The NASCAR Next Gen car has received safety upgrades for the 2023 season

One of the few negatives that debuted for the next-generation car in the 2022 season were complaints from drivers about more significant impacts from rear-end collisions with the car.

Two drivers – Kurt Busch and Alex Bowman – were sidelined with concussions during the season after their cars were involved in accidents that sent both of them crashing into the wall. Busch has not yet been medically cleared to compete, although he has retired from full-time competition.

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Work on a new or modified rear section and bumper structure for the car began in late May and early June, even before Busch’s July accident at Pocono, said Dr. John Patalak, NASCAR’s vice president of safety engineering.

The process began with a computer simulation and eventually included real-world testing, the results of which were shared in a briefing with reporters Tuesday at NASCAR’s Research and Development Center in Concord, NC.

“We will always do physical exams,” Patalak said. “The computer simulation gives us a level of confidence in the parts and builds, but in the end it has to prove itself through physical testing.

In the videos, the changes to the 2023 car showed a marked increase in “crushability” in rear collisions.

The new design will undergo its first test of racing conditions in the pre-season Busch Lite Clash Sunday on the ¼-mile circuit inside Los Angeles Memorial Coliseum.

Chris Buescher, RFK Racing, wreck a Ford Mustang with a bank of 3rd third

Chris Buescher, RFK Racing, wreck a Ford Mustang with a bank of 3rd third

Photo: Nigel Kenrad/NKP/ Motorsport Pictures

“There are always challenges because a car has to be able to perform on a racetrack without bending things while not crashing,” said Patalak. “And so you have to look at the wheel loads in Bristol and Dover, what happens to the suspension when you go over the curbs on road courses, things like that.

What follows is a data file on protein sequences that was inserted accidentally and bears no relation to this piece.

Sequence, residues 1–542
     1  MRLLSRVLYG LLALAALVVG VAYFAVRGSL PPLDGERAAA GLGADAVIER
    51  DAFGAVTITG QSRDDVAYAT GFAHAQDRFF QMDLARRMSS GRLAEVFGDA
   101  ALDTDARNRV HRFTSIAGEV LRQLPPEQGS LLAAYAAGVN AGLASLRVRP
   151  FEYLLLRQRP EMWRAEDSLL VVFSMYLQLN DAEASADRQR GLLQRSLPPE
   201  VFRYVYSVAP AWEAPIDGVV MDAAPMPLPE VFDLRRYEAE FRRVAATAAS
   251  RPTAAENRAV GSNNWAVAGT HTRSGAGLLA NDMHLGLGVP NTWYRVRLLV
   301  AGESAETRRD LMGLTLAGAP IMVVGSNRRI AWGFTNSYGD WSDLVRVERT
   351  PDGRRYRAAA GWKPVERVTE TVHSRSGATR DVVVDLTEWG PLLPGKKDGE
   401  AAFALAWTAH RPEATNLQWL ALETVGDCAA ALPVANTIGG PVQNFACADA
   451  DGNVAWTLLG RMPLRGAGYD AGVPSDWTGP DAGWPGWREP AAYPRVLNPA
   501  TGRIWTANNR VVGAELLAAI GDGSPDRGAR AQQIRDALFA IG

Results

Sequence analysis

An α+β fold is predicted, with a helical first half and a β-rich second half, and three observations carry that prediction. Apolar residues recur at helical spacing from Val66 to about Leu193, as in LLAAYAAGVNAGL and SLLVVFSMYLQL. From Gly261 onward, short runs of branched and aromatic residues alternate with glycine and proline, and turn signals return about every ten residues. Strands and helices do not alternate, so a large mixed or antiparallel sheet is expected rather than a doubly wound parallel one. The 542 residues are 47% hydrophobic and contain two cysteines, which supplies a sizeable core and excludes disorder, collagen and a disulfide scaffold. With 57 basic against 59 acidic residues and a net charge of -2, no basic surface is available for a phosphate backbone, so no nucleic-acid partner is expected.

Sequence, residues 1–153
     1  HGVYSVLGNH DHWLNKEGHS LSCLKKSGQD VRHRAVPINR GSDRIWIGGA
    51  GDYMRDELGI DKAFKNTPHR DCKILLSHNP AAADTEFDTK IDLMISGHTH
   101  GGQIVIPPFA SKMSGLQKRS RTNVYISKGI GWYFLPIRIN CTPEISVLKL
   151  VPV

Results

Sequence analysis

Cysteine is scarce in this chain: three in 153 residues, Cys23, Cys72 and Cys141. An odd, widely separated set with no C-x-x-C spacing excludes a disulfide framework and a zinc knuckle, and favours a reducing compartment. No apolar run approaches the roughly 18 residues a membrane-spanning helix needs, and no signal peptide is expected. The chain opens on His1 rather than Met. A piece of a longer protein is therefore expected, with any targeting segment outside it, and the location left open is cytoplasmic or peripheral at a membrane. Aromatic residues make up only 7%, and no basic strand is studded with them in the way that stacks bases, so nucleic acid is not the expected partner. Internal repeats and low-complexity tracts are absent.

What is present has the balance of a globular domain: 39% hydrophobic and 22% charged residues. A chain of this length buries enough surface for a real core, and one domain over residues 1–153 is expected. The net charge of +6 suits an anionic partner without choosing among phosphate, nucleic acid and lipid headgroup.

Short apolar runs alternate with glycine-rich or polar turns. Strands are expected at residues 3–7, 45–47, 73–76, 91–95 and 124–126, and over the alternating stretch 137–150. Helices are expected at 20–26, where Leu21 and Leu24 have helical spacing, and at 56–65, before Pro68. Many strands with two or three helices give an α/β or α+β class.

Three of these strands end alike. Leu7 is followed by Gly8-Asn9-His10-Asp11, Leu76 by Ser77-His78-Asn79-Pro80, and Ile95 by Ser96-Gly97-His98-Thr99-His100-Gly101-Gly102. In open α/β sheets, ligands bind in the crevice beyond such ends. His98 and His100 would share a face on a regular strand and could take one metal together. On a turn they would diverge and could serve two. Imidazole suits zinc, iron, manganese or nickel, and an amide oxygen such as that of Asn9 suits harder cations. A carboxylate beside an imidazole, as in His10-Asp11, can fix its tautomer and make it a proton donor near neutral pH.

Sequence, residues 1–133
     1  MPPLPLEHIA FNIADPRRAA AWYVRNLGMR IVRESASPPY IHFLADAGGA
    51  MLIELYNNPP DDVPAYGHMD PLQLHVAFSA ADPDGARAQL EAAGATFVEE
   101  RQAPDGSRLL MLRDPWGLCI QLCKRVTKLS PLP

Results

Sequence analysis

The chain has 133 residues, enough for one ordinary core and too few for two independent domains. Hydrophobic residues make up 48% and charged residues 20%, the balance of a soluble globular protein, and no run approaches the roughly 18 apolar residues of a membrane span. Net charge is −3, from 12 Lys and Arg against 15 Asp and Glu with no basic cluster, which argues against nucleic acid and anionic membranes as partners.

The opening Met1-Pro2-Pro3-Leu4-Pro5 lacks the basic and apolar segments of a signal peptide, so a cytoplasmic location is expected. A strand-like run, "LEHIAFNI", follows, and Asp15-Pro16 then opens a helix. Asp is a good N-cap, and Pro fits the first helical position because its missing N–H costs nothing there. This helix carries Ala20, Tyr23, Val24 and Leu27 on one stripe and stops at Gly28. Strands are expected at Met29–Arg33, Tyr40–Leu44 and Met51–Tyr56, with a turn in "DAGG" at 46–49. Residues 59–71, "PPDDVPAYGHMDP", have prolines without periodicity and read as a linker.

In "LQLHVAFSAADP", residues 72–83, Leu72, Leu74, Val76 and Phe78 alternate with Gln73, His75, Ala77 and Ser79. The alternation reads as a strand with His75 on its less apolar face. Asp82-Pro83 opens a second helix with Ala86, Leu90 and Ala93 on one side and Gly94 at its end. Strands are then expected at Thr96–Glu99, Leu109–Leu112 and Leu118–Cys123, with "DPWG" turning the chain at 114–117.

“We have to work through and around and get creative with how we introduce deformations into the chassis for crashes to make sure we don’t bend things the way they’re not supposed to.

“One of our main concerns is that we don’t introduce any new hazards, we can’t risk a fuel spill or oil rupture and you have to work on every racetrack. So there are challenges based on what the cars have to do on road courses versus high-speed tracks or short tracks”.

The process wasn’t easy and NASCAR had to balance safety concerns with not changing the aerodynamics of each factory entry while ensuring the car remained tough enough to protect the integrity of the interior.

“We went through many, many iterations,” Patalak said.

In a display at the R&D Center for the 2022 and 2023 chassis, the most obvious changes to the rear section are fewer bars on the newer model, changed bar designs and some bars now featuring perforations built into the potential area of ​​the bend points.

right direction

When asked on Wednesday about the safety changes, Cup Series driver Ricky Stenhouse Jr. said, “I think everything NASCAR is doing is in a really good direction. We are all intertwined and moving forward together on this.”

Among the other changes to the next-generation car: Changes have been made to the muffler for noise reduction and heat extraction purposes for this weekend’s races at the LA Coliseum and Chicago Street Race. increased cooling vents on car hoods to regulate heat; And each manufacturer altered the nose of their model car to make it a little flatter to help draft at breakneck speed.

NASCAR also tested a few changes to the aero package, including a different-sized rear spoiler, during two tests in Phoenix last month. It plans to conduct an additional test of the changes in a test in the wind tunnel on February 13th.

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